We must guard ourselves against judgmentalism. Sometimes our theological knowledge, personal beliefs, political platforms, and willful blindness of our own sins emboldens us to portray a spirit of condemnation, rather than salvation, on those of which we disagree. It is true we need to urge others to repent of their sins. We must, however, must be willing to repent first.
Although, urging one to repent does nothing if we do not bring them to Christ first. The apostle Paul makes it clear that the foundation of our evangelization should be grounded in the love of Christ. If we do not introduce them to Christ first, then they will not be interested in repentance. Without the Savior there is no salvation. Without the love of Christ there is no Savior.
“When I came to you, brothers, proclaiming the mystery of God, I did not come with sublimity of words or of wisdom. First, I resolved to know nothing while I was with you except Jesus Christ and him crucified.” (I Cor. 2:1-2)
Most of the time there is a condemnation of sin and call for repentance without first proclaiming the love of Christ that put him on the cross. Jesus never condemned the sinner without first showing them love. The only one he condemned prior to showing love are the religious elites. We must take care so as not to become too theologically minded and arrogant that we place ourselves on our own pedestal and look down upon others in the bondage of sin.
Your sin put Jesus on the cross just like the sins of others. We should take care to not only condemn the sins that make us uncomfortable, but we should condemn all sins. We cannot condemn sexual immorality without condemning pornography and adultery. We cannot condemn abortion as murder without condemning hatred. We cannot condemn only those sins that are visible or political without condemning our own personal sins that hide in the dark crevices of our soul under the cover of our roof. Jesus emphasizes this demand when he is brought the woman caught in adultery. The scribes and Pharisees (‘religious elite’) brought a woman who had been caught in adultery to Jesus. It was a way to test him. In Leviticus and Deuteronomy (Law of Moses), they were commanded that a woman caught in adultery was to be stoned to death. They were all too eager to stone her since adultery was apparently not a sin for which they themselves were guilty. Jesus does something that was unexpected. He shows love before condemnation. Love preceded condemnation. A call for repentance and conversion followed love and mercy.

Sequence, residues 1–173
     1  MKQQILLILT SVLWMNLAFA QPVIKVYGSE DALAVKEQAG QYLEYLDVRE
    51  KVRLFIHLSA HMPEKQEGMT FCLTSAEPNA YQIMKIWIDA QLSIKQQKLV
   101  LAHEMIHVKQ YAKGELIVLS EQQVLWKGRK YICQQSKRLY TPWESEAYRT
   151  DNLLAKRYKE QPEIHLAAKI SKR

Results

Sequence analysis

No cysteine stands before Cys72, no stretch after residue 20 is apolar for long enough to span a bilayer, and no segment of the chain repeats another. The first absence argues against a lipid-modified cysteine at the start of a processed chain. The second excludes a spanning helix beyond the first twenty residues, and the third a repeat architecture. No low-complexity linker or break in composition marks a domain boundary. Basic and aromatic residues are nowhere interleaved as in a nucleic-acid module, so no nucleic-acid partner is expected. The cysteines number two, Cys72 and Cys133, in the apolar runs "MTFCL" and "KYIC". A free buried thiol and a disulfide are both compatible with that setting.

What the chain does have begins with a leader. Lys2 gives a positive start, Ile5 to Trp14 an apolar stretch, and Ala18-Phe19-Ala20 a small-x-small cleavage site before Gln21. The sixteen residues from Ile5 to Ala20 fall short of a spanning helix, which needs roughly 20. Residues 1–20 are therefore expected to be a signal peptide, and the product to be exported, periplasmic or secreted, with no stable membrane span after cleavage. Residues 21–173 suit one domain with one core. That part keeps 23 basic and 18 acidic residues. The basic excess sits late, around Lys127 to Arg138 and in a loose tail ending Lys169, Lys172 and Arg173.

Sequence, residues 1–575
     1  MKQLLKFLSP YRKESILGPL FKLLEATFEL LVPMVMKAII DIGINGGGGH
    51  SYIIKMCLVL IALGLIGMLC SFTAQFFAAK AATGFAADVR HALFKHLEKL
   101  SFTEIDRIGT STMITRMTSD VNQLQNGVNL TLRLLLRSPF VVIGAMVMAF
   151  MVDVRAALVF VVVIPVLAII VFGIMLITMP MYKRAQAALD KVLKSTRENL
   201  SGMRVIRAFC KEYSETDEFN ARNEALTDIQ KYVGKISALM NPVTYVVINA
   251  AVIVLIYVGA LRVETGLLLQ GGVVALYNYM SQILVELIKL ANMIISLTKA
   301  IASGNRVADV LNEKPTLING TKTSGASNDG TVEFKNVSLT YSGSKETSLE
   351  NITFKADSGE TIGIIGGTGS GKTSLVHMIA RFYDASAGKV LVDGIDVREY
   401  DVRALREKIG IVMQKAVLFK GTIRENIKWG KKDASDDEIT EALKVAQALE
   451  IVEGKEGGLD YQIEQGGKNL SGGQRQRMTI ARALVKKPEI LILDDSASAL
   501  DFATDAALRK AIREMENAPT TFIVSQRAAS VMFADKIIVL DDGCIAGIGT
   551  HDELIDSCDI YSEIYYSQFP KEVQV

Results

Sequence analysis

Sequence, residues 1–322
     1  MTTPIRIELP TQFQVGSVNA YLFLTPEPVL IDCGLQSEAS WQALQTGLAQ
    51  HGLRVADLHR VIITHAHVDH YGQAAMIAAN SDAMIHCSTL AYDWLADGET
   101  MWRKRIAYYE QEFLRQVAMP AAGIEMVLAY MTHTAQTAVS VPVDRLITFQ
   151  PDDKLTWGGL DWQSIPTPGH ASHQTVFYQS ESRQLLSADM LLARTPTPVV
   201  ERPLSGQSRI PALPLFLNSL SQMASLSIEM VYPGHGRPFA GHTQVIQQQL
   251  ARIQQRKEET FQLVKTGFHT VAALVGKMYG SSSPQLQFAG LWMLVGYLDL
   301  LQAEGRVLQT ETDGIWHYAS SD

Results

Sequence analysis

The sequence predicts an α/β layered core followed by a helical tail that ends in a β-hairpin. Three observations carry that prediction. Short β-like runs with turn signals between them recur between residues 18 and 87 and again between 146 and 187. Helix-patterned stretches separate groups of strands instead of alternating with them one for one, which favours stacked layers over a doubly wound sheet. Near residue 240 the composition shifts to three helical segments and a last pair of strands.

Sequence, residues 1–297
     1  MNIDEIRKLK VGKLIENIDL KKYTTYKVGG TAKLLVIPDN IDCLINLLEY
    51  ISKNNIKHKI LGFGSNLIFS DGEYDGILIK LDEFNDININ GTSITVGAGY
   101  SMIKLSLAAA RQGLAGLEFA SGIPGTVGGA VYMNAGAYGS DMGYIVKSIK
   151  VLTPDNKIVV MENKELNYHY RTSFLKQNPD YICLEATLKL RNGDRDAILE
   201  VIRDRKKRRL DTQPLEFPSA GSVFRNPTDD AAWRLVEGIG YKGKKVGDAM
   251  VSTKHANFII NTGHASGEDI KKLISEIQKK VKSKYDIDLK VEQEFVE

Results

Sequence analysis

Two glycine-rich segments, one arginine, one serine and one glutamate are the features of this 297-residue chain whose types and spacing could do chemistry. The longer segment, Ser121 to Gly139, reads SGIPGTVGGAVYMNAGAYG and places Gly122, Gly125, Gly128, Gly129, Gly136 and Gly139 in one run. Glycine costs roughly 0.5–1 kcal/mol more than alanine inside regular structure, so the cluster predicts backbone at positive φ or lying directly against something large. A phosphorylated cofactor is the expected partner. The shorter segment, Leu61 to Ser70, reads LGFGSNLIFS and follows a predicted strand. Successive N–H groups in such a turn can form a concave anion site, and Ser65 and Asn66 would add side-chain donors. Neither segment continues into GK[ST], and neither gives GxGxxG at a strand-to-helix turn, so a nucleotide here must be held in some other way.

“But when they continued asking him, he straightened up and said to them, ‘Let the one among you who is without sin be the first to throw a stone at her.” (John 8:7)
“Then Jesus straightened up and said to her, ‘Woman, where are they? Has no one condemned you?’ She replied, ‘No one, sir.’ Then Jesus said, ‘Neither do I condemn you. Go, and from no on do not sin anymore.” (John 8:10-11)
If we are to bring others to repentance, then we must first bring them to the Savior. If we are to bring them to the Savior, then we must do it through the love of the sacrificial lamb on the cross. If we are to do it through the sacrificial lamb’s love, then we must do it through more than words. We must do it through actions. We cannot bring someone to repentance without repenting ourselves. We cannot introduce someone to the love of Christ without knowing it ourselves. If we are to point the vision of others to the life-changing love on Calvary, then we must first live as if that love has changed us. If you want a change in the world, then first live the change you desire for the world. Before you preach it, live it.